Teens come up with solutions to keep kids in school

A desk sits empty while a teacher at the Hill Public School works with the students at a table January 25, 2005 near Bayard, Neb.

Amethyst Lewis is 17. Christian Orellana is 18.

They just graduated from high school in New York City, where they spent more than a year tackling a serious public policy problem -- kids skipping school.  The issue's also known as truancy, or chronic absenteeism.

Amethyst and Christian were members of the Youth Justice Board, a project with the New York’s Center for Court Innovation.

They met with students, teachers and administrators to find out why kids don't show up for class and how to solve the problem.

First, they had to identify why students were missing so much school. 

"Each kid's story is different. It could be that their parents don't speak English and they have to translate for them. Or that they don't have a Metro card to get to school and they live really far," says Amethyst.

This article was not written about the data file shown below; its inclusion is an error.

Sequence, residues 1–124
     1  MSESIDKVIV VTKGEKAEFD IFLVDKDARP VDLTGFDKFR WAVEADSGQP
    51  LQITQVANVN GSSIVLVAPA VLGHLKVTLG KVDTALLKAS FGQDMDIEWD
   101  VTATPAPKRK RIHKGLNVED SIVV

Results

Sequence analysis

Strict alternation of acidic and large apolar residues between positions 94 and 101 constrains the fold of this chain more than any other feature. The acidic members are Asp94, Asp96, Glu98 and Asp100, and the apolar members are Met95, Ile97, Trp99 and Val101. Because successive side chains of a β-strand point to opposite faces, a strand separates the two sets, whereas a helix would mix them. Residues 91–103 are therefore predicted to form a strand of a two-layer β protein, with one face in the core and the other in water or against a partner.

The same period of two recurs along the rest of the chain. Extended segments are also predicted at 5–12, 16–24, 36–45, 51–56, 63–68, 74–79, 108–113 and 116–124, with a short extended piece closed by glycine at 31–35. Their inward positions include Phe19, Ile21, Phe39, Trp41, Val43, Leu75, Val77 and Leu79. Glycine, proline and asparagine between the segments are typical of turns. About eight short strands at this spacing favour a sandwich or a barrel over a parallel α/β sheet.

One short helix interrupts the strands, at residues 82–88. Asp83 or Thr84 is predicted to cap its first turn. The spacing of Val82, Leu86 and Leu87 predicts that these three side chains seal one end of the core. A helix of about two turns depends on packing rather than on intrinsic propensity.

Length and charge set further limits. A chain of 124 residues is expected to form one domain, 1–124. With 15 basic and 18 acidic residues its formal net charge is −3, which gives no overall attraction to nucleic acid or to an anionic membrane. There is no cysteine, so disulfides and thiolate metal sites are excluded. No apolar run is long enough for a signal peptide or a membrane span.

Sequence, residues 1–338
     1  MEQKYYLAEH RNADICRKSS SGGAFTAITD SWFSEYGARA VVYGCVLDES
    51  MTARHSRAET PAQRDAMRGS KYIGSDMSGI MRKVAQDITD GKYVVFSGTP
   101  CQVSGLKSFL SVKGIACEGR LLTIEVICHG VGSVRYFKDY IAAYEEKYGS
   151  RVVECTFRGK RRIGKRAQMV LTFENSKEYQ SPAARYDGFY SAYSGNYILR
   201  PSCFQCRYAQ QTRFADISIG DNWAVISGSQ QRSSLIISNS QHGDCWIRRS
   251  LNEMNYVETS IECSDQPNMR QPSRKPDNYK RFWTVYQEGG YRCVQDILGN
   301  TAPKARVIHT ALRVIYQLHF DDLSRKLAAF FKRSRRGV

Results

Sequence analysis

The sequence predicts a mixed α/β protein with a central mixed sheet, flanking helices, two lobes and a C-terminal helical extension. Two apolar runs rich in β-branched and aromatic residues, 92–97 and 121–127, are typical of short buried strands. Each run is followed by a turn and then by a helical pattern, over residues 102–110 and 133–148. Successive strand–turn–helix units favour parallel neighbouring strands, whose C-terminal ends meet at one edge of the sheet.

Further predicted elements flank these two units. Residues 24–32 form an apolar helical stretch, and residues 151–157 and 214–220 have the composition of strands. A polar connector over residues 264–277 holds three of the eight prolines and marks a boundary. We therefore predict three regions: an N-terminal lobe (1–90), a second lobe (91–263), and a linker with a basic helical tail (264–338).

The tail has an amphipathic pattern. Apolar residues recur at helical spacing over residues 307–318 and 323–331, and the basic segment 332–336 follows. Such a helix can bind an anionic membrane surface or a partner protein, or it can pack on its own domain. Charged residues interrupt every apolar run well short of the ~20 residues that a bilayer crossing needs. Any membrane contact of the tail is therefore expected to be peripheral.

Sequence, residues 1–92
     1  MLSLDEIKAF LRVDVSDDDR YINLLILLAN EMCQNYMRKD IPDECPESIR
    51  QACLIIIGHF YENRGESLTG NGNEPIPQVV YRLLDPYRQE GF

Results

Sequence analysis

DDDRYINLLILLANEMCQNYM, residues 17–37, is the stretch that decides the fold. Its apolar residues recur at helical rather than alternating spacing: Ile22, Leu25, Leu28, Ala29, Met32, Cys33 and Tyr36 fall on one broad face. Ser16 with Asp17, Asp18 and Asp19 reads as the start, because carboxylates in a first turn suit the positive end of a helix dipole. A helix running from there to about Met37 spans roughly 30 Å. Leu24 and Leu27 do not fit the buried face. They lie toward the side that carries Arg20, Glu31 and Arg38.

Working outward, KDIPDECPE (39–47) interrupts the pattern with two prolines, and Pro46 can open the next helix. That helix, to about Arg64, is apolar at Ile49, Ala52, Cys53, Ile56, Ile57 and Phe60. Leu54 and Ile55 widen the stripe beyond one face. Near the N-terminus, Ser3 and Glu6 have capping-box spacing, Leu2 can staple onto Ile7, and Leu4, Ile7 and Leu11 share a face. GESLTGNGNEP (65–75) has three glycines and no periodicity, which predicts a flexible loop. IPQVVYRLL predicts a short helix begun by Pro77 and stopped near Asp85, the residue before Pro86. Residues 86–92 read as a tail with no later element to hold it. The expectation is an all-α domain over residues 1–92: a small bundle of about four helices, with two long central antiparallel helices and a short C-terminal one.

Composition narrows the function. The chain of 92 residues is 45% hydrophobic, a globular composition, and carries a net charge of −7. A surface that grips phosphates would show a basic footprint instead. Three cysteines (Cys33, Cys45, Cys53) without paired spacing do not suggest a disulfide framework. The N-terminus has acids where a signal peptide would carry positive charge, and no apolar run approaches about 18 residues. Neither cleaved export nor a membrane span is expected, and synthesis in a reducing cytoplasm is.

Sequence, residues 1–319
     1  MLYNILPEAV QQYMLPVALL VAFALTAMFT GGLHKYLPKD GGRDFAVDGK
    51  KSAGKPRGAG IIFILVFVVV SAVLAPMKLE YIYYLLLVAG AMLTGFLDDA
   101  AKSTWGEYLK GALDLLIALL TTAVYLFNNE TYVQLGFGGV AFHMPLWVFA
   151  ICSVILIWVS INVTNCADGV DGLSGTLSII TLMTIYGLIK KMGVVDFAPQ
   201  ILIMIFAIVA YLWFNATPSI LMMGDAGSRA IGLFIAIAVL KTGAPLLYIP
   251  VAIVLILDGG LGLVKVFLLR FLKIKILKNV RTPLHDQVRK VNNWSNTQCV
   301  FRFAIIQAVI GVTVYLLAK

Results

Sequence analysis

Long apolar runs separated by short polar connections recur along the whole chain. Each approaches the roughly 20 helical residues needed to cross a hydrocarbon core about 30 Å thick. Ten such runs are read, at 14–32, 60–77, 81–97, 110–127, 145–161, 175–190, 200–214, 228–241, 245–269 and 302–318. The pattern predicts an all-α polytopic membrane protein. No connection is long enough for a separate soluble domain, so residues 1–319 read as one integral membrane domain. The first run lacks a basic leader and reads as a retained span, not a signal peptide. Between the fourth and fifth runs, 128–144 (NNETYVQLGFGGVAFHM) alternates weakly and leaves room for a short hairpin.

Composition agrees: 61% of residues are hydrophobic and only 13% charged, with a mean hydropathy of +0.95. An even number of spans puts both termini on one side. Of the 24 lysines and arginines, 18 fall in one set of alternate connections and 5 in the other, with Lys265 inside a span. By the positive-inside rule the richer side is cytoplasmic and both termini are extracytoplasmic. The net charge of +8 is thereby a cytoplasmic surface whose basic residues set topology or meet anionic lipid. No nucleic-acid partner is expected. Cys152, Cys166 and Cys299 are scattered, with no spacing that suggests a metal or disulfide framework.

They said that some students were also discouraged by the tight security they have to go through to get in the building.

"Because of the long lines in front of their school and getting into the building, they're already late for class so they feel like why should I go to class?"

The group identified a list of recommendations including providing more mentors,  and making sure parents, guardians and the students themselves are aware of the importance of attending school.

"We had recommendations about how to connect everyday life with school and how students can connect school with life," said Christian. 

They even made the economic argument: "A lot of teens today think that school is no big deal and that they'll just get a job but they don't realize that the money they want to make isn't easy without an education," said Amethyst.

The members of the Youth Justice Board just presented their findings at New York's City Hall.

About the author

David Gura is a reporter for Marketplace, based in the Washington, D.C. bureau.

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